Black New England Conference 2010
The Politics of Race: Movements, Protests, Leaders, and Representation
The 2010 conference will cover the history of cultural, social, and political movements in New England from the 1700s to the present. As the word ‘representation’ indicates, the conference will include presentations on the politics concerning and the forms of representing such events and people of African descent in New England.
For Information Please Contact
Center for New England Culture
Huddleston Hall/73 Main St/ Durham, NH 03824
Phone: 603-862-0693
DEADLINE FOR SUBMISSIONS: JUNE 1ST, 2010
Thursday, October 14th 2010 – Saturday, October 16th 2010

Slave Narratives Now in AAHGS News

The slave narratives recorded by writers with the Works Progress Administration (WPA) in the 1930s provide incredible insight into the interviewees’ lives in slavery and freedom.

Starting with the September/October 2009 issue of AAHGS News available to members of AAHGS or by ordering single issues from the website at www.aahgs.org, this new feature further expands that documentation by sharing stories about the lives of former slaves and their descendants in freedom.

The September/October 2009 issue features the exciting accomplishments of the Toles family of Columbus, Georgia,  just one generation after slavery.

International Black Genealogy Summit

The Allen County Public Library in Fort Wayne, Indiana will be the site of the International Black Genealogy Summit from October 29-31, 2009.  For the first time in history, all of the black genealogical societies in the U.S., Canada, and the Caribbean will come together to host a joint conference on researching and writing family history.

You are invited to explore your own family’s history during this momentous event.  The conference features genealogy workshops, hands-on trainings, DNA research and much more.

To register or for more information go to their website at www.blackgenealogysummit.com.

CSI: Collecting, Selecting, Identifying Your Ancestors

The Alabama Genealogical Society’s fall seminar, CSI:  Collecting, Selecting, Identifying Your Ancestors, will be held at the Alabama Department of Archives and History in Montgomery, Alabama.

J. Mark Lowe, professional genealogist, author, and lecturer will present Researching on the Internet, Land Barons or Dirt Farmers, and Finding Your Landless Ancestors.  For registration information see their website at:

www.algensoc.org/main/seminars.html

Links in the November/Decmeber 2008 Issue of AAHGS News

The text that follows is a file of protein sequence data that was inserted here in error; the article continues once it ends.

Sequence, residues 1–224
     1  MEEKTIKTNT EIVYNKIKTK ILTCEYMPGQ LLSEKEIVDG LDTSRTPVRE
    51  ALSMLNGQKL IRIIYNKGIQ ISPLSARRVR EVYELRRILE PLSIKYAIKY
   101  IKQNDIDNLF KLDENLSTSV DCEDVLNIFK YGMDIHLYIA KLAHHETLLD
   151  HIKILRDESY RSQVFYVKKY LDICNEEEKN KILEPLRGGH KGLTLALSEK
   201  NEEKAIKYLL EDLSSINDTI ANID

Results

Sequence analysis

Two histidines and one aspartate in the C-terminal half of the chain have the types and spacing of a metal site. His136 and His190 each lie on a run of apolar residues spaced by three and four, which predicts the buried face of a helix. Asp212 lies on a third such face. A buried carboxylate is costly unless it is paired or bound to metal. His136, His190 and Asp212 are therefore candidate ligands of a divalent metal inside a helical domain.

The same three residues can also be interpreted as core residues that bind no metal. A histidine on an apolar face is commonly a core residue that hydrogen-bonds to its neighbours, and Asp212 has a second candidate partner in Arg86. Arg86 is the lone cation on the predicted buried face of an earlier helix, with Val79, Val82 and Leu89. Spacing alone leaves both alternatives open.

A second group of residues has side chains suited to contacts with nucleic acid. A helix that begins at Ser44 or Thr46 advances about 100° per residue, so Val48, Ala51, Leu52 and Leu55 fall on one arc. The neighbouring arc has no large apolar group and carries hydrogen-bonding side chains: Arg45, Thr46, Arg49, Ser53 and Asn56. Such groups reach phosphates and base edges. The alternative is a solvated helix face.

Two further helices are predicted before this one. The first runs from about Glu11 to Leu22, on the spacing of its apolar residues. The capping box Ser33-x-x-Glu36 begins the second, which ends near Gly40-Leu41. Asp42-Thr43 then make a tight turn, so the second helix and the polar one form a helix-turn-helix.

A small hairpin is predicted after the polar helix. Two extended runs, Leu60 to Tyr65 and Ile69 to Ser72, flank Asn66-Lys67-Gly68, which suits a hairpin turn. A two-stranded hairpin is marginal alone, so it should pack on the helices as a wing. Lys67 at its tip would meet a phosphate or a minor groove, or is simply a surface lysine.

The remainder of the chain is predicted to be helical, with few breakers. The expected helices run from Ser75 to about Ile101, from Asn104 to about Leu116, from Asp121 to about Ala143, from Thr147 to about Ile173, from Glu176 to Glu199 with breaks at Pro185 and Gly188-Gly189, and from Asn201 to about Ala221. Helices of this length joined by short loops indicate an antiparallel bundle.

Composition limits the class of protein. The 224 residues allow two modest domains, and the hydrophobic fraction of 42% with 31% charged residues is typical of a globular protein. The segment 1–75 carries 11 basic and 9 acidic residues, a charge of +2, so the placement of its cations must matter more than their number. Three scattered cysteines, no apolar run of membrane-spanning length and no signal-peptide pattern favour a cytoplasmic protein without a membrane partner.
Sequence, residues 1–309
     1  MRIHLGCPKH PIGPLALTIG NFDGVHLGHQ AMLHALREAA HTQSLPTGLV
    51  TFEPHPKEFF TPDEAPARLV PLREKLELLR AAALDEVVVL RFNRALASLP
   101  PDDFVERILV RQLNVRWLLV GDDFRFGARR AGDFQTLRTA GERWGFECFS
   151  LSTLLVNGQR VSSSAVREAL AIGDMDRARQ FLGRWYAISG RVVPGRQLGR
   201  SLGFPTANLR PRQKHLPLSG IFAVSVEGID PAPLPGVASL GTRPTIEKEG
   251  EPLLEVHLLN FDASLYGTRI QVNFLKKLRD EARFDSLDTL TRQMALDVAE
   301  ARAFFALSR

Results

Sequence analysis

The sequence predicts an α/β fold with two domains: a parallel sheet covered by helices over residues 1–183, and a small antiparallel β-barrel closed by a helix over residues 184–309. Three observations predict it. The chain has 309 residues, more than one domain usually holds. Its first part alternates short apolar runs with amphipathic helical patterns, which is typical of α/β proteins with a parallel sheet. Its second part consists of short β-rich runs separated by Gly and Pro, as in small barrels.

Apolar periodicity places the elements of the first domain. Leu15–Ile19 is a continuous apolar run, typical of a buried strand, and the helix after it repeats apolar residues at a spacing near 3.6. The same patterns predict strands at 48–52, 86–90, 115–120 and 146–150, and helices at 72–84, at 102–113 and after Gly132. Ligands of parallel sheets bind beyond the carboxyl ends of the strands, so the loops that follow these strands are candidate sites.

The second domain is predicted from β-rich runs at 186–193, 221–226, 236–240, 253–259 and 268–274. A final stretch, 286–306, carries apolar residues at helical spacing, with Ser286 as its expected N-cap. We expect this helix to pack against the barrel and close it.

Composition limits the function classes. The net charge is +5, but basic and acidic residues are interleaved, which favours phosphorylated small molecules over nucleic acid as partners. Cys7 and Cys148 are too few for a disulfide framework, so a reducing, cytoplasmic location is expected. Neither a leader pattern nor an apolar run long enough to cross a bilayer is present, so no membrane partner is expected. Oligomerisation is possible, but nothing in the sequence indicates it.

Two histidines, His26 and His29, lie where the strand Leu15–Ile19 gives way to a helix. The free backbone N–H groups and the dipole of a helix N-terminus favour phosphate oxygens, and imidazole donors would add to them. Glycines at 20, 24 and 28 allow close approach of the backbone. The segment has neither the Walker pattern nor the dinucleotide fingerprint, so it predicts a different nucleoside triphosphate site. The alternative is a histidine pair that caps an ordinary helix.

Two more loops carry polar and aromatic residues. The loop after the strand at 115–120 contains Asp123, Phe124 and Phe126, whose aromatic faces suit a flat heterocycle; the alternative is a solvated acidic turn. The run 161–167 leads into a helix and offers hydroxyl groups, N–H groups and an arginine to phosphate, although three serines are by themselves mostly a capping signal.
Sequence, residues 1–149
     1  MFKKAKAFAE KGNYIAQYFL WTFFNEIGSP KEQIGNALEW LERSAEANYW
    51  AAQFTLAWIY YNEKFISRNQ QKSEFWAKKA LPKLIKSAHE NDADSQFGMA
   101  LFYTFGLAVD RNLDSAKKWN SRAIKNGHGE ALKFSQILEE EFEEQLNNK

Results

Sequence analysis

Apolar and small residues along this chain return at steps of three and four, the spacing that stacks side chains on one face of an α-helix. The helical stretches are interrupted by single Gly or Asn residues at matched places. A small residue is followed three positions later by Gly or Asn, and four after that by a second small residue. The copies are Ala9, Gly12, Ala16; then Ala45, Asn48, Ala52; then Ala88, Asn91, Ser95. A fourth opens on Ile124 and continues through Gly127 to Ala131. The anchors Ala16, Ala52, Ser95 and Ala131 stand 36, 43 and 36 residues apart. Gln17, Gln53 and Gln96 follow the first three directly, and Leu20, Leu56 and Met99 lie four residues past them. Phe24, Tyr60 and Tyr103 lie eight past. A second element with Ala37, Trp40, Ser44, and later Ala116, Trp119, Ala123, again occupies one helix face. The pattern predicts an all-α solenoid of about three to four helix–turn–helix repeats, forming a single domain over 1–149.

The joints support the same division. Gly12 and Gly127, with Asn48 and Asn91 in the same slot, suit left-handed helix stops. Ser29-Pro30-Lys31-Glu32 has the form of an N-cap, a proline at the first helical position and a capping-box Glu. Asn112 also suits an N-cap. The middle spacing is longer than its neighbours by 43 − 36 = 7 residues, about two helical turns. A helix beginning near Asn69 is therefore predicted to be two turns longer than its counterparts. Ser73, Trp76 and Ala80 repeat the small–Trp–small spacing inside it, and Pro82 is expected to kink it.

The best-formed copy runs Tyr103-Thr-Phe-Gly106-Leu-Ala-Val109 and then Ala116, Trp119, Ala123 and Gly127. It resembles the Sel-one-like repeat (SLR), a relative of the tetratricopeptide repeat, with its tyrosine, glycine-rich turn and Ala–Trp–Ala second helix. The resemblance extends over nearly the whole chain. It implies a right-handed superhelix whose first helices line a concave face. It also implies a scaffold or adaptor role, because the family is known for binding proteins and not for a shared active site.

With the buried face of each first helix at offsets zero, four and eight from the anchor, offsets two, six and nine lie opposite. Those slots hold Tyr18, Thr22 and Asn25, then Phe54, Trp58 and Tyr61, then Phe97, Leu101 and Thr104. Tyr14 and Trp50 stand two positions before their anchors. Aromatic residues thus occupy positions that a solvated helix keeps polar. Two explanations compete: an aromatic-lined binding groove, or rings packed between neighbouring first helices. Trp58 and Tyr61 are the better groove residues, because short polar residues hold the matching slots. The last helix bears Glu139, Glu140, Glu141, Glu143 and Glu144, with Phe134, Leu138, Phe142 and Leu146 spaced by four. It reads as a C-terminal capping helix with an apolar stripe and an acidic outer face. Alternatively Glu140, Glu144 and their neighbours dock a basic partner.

Here is the list of weblinks for the articles appearing in the November/December 2008 issue of AAHGS News:

p. 3:  “Black Studies” NARA Catalog:  www.estore.archives.gov

p. 5:  Boston University’s Genealogical Research Certificate Program:  http://professional.bu.edu/cpe/Genealogy.asp

p. 6:  Enumerator Instructions Online http://usa.ipums.org/usa/voliii/tEnumInstr.shtml

p. 6:  Trans-Atlantic Slave Trade Database  www.slavevoyages.org/tast/database/index.faces

p. 6  AfriGeneas Forums:  Heritage Arts & Crafts:  www.afrigeneas.com/forum-crafts

p. 6  AfriGeneas Forums:  AfriGeneas at the Movies:  www.afrigeneas.com/forum-movies

p. 7:  On the Bookshelf selections:

Index to Virginia Estates, 1800-1865, Volume 9:  www.vgs.org/publications.htm

Index to District of Columbia Estates, 1801-1929:  http://users.erols.com/pipp OR www.heritagebooks.com

African American Slavery, Indenture & Resistance in Illinois 1720-1864  www.costonie.com

The Washingtons of Wessyington Plantation www.wessyington.com

p. 9:  Mississippi to Africa:  A Journey of Discovery www.mississippitoafrica.com

p. 10:  Slave Births in New Jersey Online  www.njarchives.org/links/guides/chncl004.html

p. 10:  Navy personnel FREE access to Ancestry and HeritageQuest  wwwa.nko.navy.mil/portal

p. 11:  Florida State University’s Dr. Martin Luther King, Jr. Celebration:  www.fsu.edu/news/2009/01/08/king.celebration

p. 12:  Booker T. Washington Online at Library of Congress:  www.loc.gov/rr/program/bib/btwashington/index.html

p. 14:  Free at Last?  Slavery in Pittsburgh in the 18th and 19th Centuries  www.imdiversity.com/villages/african/pitt_slavery1008.asp

p. 16:  Events listings:  Virginia Beach Genealogical Society www.rootsweb.com/~vavbgs

The International Black Genealogy Summit (IBGS)  www.acpl.lib.in.us

NGS Family History Conference:  www.ncgenealogy.org/blogs/ngs2009

p. 18:  African American Genealogy Sources in the Louisiana Division of the New Orleans Public Library  http://nutrias.org/guides/black.htm

p. 20:  An Anthology of Respect:  The Pullman Porter National Historic Registry (1st Ed.)  www.aphiliprandolphmuseum.com/anthology-of-respect.htm